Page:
In the annals of history, human hair has played a remarkable role in various cultures and time periods, serving as a resource that transcends its biological origin. From Mediaeval Nubian textiles to the Chiribaya culture of ancient Peru, and from the Mongolian yurts to the Ancestral Puebloans of the Southwestern United States, the story of human hair’s diverse applications unfolds like a tapestry of human ingenuity.
Left: One of the textiles in the Maiman Collection is a long band that has been attributed to the Chiribaya culture of southern Peru. Black human hair forms the image on white cotton net. Photo: Abraham Hay. Right: Human hair textiles from Grave 70, Cemetery 21-R-2 (British Museum EA78248); detail of cord finish. Photos: The British Museum.
In ancient Peru, the Chiribaya culture (spanning from 900 to 1350 AD) carved out a remarkable existence against the backdrop of a harsh environment. Theirs was a world where survival hinged on mastering the art of self-sufficiency, a feat they achieved through agriculture, communal irrigation projects, and a deep connection to the sea. Among the legacies they bequeathed to history, one stands out as a testament to their resourcefulness and artistry: a Chiribaya textile piece. What commands attention are the bold black hair warp threads that dominate the surface, a captivating reminder that even in adversity, the Chiribaya culture found beauty in the resources at their disposal, transforming human hair into a work of art.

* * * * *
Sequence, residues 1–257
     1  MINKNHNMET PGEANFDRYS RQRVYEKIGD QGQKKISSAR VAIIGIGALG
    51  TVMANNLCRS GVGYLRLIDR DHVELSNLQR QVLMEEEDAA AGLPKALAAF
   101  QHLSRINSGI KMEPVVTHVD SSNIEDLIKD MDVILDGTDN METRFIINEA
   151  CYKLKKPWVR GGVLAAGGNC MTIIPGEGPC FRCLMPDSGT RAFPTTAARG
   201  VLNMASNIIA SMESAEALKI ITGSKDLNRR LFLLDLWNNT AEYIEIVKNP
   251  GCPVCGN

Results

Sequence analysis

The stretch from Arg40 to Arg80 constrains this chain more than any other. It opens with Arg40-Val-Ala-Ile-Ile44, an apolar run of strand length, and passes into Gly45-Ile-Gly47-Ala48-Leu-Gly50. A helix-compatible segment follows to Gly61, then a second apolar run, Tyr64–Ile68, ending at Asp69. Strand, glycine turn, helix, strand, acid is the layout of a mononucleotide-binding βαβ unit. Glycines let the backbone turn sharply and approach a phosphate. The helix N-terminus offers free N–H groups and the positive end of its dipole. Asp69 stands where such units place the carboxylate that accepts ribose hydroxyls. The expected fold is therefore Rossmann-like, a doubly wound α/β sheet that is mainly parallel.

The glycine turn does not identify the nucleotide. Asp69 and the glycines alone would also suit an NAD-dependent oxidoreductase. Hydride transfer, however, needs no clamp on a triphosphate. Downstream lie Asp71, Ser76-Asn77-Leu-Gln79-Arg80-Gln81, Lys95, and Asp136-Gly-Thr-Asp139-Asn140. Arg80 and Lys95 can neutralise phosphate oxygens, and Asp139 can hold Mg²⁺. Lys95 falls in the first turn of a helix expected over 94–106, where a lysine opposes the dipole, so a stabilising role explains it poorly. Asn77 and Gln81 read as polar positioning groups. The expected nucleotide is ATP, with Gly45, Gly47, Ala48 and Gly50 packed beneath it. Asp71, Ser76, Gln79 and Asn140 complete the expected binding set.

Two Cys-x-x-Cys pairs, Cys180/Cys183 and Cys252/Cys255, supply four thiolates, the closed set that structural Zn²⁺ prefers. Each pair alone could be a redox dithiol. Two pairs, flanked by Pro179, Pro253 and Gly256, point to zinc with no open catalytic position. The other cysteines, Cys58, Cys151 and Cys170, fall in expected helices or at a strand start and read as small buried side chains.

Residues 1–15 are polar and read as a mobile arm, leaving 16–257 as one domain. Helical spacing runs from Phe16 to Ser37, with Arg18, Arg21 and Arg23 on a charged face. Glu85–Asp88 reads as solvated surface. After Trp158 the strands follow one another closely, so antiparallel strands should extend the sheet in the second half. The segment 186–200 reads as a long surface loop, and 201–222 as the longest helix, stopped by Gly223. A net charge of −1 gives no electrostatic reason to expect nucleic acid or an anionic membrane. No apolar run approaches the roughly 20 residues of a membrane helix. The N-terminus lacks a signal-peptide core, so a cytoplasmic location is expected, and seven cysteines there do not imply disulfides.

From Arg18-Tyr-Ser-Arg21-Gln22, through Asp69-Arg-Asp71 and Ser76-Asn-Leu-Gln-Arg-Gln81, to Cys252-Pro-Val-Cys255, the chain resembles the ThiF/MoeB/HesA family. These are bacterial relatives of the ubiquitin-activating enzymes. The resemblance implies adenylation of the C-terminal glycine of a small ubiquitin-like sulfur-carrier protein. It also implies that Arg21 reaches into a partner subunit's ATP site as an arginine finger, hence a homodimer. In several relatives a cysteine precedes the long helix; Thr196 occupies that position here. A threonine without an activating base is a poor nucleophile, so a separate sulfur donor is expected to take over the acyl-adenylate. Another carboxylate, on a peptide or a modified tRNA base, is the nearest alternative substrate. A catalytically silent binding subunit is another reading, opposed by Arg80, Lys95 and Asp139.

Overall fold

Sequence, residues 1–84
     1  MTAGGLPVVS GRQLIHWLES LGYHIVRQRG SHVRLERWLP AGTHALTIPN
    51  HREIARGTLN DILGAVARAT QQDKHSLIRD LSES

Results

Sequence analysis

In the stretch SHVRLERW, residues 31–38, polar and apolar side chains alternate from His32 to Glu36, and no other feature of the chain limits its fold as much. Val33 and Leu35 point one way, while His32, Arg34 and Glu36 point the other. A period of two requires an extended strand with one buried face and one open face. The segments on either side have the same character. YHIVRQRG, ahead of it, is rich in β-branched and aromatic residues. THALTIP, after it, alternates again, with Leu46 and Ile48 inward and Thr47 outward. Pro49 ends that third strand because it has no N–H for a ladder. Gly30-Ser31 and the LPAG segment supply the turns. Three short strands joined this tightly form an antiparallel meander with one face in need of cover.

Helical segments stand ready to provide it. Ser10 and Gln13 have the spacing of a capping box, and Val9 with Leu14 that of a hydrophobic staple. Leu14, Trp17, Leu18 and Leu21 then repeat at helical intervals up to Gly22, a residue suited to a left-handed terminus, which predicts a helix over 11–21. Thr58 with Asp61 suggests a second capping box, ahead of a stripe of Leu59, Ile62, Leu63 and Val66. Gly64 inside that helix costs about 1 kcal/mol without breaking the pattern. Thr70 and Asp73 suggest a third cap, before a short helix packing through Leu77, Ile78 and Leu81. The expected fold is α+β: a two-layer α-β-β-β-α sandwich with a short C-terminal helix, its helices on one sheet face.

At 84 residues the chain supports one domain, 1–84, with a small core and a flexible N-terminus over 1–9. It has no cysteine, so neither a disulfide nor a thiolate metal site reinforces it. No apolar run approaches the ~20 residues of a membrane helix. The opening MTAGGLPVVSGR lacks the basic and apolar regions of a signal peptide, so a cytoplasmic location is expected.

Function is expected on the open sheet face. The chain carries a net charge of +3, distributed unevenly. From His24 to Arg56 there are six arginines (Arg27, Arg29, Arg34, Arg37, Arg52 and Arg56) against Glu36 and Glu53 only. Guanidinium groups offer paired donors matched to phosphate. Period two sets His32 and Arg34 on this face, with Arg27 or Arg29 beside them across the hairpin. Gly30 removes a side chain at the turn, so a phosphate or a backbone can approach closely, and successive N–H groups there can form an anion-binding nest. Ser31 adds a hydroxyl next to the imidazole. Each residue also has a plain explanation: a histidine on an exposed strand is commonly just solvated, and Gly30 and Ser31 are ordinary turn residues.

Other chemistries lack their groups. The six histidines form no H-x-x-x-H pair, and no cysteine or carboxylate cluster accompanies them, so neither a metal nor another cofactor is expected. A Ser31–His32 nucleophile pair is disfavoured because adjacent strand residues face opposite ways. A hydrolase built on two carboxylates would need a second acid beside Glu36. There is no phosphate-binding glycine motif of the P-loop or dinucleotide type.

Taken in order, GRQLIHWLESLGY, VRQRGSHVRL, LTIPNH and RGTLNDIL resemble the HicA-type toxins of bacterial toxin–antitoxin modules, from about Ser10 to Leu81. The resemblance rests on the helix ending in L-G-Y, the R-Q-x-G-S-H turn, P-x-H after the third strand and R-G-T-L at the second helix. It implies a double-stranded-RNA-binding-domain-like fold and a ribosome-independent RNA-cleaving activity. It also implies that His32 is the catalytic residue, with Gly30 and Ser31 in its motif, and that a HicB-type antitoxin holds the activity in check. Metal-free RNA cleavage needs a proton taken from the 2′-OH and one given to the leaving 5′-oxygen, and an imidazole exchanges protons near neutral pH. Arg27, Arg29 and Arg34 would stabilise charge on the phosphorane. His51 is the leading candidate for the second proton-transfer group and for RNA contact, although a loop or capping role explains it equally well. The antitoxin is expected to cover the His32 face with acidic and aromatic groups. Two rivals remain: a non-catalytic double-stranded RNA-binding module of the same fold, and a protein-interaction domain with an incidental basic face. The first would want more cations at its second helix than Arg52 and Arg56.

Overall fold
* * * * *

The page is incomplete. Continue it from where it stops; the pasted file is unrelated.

On the expansive Mongolian steppes, where nomadic life demanded portable homes, human hair played a vital role in traditional yurts. Beyond securing wooden frames, it was felted to create insulation. Hair’s insulating properties helped regulate the yurts’ temperature, ensuring comfort in extreme weather.
Meanwhile, in the arid landscapes of the Southwestern United States, the Ancestral Puebloans harnessed the potential of human hair, one of the most accessible and renewable fibres, to craft an array of practical items, such as nets and socks. In particular, a remarkable 13th-century sock stands as a testament to their ingenuity. Intricately woven by knotting strands of human hair, it serves as a testament to their resourcefulness.